Committee Leaders Call For Oversight Of Pension Investments In Hedge Funds, Private Equity
GAO says greater federal guidance could prevent risky investments of pension money
Washington, DC – Senate Finance Committee Chairman Max Baucus (D-Mont.) and Ranking Member Chuck Grassley (R-Iowa), House Ways and Means Chairman Charles Rangel (D-N.Y.), House Financial Services Committee Members Paul Kanjorski (D-Penn.) and Mike Capuano (D-Mass.) commented today on a new Government Accountability Office (GAO) report that found increasing levels of investment by private pension plans in hedge funds and private equity funds. These investment vehicles have lower levels of liquidity, less transparency, are more financially unpredictable, and have greater levels of risk than traditional investments. The report suggests that the Secretary of Labor – currently charged with monitoring the investments and other aspects of pension plans – provide more guidance in the area of investments in hedge and equity funds by pension plans. The full text of the GAO report can be found at: http://www.gao.gov/new.items/d08692.pdf.
“It is crucial that we tak great care as pensions invest more in hedge funds and private equity. This new investment strategy has not been tested in an unstable market,” Baucus said. “If the pension investments sour, the retirement savings of millions of Americans could suffer. I support the GAO recommendation that the Secretary of Labor take a proactive role in reviewing the pension investment trends to prevent unnecessary exposure to risks.”
Investments in hedge funds and private equity are risky,” Grassley said. “Plan sponsors and the investment managers they hire are investing more and more pension assets in these risky investments in pursuit of big returns. But these healthy returns could go south overnight. When the bottom falls out, it’s the plan participant, or in the worst case, the taxpayer, who pays the price. Increased disclosure in pension plan investments in hedge funds and private equity on a pension plan’s information return – the Form 5500 – may be appropriate to ensure better oversight. I intend to work with my colleagues to explore whether the Form 5500 could be a source of more transparency in these types of investments.”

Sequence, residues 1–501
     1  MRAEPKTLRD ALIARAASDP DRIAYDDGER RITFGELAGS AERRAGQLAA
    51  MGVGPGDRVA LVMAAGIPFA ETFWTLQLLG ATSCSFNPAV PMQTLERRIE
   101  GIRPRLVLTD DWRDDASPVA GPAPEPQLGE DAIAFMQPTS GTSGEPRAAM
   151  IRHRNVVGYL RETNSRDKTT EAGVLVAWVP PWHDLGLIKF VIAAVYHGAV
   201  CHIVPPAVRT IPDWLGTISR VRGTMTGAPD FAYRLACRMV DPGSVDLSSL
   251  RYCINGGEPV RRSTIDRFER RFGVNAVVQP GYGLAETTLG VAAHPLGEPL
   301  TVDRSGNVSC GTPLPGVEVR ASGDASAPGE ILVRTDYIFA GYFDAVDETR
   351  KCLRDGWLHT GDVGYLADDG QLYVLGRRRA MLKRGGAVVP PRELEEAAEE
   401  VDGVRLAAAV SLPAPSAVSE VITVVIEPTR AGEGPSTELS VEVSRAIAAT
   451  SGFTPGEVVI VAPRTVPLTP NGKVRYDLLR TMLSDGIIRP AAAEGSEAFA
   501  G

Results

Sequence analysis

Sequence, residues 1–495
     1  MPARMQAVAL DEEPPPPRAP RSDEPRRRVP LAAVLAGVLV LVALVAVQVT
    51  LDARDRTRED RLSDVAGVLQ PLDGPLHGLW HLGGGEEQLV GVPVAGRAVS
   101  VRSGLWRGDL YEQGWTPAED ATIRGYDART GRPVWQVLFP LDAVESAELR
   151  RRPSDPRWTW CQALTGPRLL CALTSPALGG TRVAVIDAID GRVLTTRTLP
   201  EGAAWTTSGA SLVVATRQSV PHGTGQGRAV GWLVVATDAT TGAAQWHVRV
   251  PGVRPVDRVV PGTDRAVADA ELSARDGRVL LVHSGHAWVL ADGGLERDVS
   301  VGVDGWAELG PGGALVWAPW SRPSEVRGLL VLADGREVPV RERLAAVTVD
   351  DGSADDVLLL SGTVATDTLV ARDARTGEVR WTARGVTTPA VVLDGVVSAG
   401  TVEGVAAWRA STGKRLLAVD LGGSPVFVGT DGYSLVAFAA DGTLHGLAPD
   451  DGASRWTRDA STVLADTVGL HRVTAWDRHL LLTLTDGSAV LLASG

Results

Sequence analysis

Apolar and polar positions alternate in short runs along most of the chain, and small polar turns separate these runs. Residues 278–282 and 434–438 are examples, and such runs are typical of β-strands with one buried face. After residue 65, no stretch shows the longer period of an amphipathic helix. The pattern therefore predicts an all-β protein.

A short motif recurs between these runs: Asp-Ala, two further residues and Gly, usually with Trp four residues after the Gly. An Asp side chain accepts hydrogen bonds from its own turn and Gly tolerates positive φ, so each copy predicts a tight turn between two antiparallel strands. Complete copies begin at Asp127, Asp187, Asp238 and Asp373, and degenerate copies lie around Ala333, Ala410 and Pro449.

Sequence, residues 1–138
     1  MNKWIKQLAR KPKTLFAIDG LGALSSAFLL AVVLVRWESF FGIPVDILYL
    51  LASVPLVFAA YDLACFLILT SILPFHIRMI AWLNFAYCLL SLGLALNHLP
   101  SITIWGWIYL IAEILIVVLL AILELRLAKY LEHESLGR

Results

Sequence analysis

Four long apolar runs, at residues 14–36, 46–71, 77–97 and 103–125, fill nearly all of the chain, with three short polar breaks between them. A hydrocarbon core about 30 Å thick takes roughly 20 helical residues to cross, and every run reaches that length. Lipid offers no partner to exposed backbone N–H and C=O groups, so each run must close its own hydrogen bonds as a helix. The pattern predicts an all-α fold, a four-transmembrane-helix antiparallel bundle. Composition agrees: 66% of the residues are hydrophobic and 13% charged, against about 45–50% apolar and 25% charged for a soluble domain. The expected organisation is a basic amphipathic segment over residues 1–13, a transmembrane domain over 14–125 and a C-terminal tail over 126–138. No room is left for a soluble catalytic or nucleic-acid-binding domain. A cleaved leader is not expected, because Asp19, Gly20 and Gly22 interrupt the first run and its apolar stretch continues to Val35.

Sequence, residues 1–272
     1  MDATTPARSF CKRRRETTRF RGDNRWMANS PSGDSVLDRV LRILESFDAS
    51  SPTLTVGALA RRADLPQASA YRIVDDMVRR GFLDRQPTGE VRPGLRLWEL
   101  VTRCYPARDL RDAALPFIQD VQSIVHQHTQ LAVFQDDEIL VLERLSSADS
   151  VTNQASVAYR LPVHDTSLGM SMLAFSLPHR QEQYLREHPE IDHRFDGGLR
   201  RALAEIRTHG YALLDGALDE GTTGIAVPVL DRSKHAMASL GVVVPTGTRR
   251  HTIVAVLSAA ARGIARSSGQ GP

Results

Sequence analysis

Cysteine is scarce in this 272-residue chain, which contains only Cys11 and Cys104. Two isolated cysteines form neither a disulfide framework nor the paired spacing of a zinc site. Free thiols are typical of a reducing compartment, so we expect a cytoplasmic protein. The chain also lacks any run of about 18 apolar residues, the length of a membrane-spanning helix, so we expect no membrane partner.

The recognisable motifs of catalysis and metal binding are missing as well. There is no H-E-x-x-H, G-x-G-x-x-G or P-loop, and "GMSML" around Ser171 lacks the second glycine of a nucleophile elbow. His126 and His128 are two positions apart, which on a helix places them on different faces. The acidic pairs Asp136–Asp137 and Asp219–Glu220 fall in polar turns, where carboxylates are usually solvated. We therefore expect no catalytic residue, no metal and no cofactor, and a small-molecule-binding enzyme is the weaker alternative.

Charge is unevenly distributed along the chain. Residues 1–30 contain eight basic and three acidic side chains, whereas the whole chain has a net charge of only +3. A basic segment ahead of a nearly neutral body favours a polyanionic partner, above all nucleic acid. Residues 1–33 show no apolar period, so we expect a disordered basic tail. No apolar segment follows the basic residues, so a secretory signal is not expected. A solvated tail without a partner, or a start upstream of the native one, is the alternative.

“We must balance the competing interests of plan sponsors, who seek to maximize investment returns, and plan participants who will depend on benefits from these plans to live during retirement,” Ways and Means Committee Chairman Charles B. Rangel (D-NY) said. “It is crucial that we bear in mind the importance of prudent selection of investment options in order to provide this financial security for our workers. More work is needed in the area of pension plans’ investment in hedge funds and private equity funds to ensure that this level of prudence can be met.”
“Pension plans, whether public or private, must not gamble with the retirement resources of average Americans,” Rep. Paul Kanjorski (D-Penn.), Chairman of the Capital Markets, Insurance, and Government Sponsored Enterprises Subcommittee said. “As a step toward greater accountability, I therefore support GAO’s recommendation that the Secretary of Labor provide further guidance for qualified pension plans on hedge fund and private equity investments. States, like Pennsylvania, that allow hedge fund and private equity investments by public pension funds should take similar steps, as well. The current turmoil in our financial markets reminds us of the need to discourage excessive risk-taking and inappropriate speculation. We must encourage prudence and transparency in order to help restore investor confidence in our markets and protect taxpayers.”
“According to the GAO’s recent study, pension funds are increasingly investing in hedge funds and private equity. Additional reports have also found that some states are changing state law to allow public pension funds to invest beyond their currently allowed caps,” Rep. Mike Capuano (D-Mass.), also a member of the Capital Markets panel said. “Given these findings, it is imperative that the Department of Labor promptly issue their pending guidelines on alternative investments so that investors and pensioners are thoroughly aware of the challenges and risks of these ventures.”
Because hedge funds and private equity investments are exempt from Federal regulations that generally apply to other pension plan investments, the GAO further recommends that the Secretary of Labor provide greater clarity on the differences between safe and unsafe investments with respect to hedge funds and private equity funds.
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